UNIST engineers oxide semiconductor just single atom thick

A new study, affiliated with Ulsan National Institute of Science and Technology (UNIST), South Korea, has introduced a novel method for fabrication of world’s thinnest oxide semiconductor that is just one atom thick. This may open up new possibilities for thin, transparent, and flexible electronic devices, such as ultra-small sensors.

This new ultra-thin oxide semiconductors was created by a team of scientists, led by Professor Zonghoon Lee of Materials Science and Engineering at UNIST. In the study, Professor Lee has succeeded in demonstrating the formation of two-dimensional zinc oxide (ZnO) semiconductor with one atom thickness.

The above graphic displays the growth of ZnO on graphene layer, consists of interconnected hexagons of carbon atoms. Zinc atom shown as red spheres, oxygen atom as green spheres. Credit: UNIST

The above graphic displays the growth of ZnO on graphene layer, consists of interconnected hexagons of carbon atoms. Zinc atom shown as red spheres, oxygen atom as green spheres. Credit: UNIST

This material is formed by directly growing a single-atom-thick ZnO layer on graphene, using atomic layer deposition. It is also the thinnest heteroepitaxial layer of semiconducting oxide on monolayer graphene.

“Flexible, high-performance devices are indispensable for conventional wearable electronics, which have been attracting attention recently,” says Professor Lee. “With this new material, we can achieve truly high-performance flexible devices.”

Semiconductor technology continually moves toward smaller feature sizes and greater operational efficiency and the existing silicon semiconductors seem to also follow this trend. However, as the fabrication process becomes finer, the performance becomes much critical issue and there has been much research on next-generation semiconductors, which can replace silicon.

Graphene has superior conductivity properties, but it cannot be directly used as an alternative to silicon in semiconductor electronics because it has no band gap. A bandgap gives a material the ability to start and stop the flow of electrons that carry electricity. In graphene, however, electrons move randomly at a constant speed no matter their energy and they cannot be stopped.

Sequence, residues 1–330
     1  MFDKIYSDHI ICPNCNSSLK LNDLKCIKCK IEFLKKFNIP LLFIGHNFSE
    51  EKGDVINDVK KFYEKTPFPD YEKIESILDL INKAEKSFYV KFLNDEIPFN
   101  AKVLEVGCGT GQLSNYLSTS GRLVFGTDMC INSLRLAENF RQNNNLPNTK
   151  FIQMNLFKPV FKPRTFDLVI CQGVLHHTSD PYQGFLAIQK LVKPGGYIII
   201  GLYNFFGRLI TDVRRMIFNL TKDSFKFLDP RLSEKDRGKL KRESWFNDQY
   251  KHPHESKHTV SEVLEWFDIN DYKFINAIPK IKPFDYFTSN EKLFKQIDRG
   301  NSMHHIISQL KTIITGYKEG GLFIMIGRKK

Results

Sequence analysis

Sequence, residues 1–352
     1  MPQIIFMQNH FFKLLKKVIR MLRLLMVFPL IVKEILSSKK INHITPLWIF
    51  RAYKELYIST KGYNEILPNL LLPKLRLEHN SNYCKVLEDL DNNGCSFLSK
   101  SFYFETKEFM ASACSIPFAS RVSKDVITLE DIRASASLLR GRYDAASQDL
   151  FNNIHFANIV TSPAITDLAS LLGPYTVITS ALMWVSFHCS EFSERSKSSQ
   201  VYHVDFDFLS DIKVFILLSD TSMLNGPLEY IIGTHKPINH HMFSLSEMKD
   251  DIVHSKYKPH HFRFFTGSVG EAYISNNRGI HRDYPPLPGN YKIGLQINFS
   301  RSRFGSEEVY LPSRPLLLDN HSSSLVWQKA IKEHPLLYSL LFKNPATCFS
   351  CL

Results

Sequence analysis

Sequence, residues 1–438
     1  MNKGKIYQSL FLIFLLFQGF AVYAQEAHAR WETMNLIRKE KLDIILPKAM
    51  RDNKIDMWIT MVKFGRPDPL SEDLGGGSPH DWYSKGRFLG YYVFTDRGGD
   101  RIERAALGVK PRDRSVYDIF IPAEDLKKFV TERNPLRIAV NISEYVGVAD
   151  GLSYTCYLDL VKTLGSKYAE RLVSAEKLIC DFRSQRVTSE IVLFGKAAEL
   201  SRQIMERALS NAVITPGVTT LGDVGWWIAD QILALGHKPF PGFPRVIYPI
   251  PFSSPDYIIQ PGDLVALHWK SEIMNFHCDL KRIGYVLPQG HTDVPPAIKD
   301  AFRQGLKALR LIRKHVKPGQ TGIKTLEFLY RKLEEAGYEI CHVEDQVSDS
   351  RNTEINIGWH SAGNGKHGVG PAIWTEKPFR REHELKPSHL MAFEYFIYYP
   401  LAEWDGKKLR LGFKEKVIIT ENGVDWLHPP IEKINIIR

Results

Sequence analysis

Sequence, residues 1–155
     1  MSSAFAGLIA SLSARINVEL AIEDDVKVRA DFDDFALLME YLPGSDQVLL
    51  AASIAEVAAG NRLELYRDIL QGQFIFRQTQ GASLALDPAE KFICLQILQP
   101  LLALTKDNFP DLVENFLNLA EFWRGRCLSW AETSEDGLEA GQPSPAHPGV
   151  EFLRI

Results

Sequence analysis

To solve this, the research team decided to demonstrate atom-by-atom growth of zinc and oxygen at the preferential zigzag edge of a ZnO monolayer on graphene through in situ observation. Then, they experimentally determine that the thinnest ZnO monolayer has a wide band gap (up to 4.0 eV), due to quantum confinement and graphene-like ‘hyper-honeycomb’ structure, and high optical transparency.

The currently-existing oxide semiconductors have a relatively large bandgap in the range of 2.9-3.5 eV. The greater the band gap energy, the lower the leakage current and excess noise.

“This is the first time to actually observe the in situ formation of hexagonal structure of ZnO,” says Hyo-Ki Hong of Materials Science and Engineering, first author of the paper. “Through this process, we could understand the process and principle of 2D ZnO semiconductor productiom.”

“The heteroepitaxial stack of the thinnest 2D oxide semiconductors on graphene has potential for future optoelectronic device applications associated with high optical transparency and flexibility,” says Professor Lee. “This study can lead to a new class of 2D heterostructures including semiconducting oxides formed by highly controlled epitaxial growth through a deposition route.”


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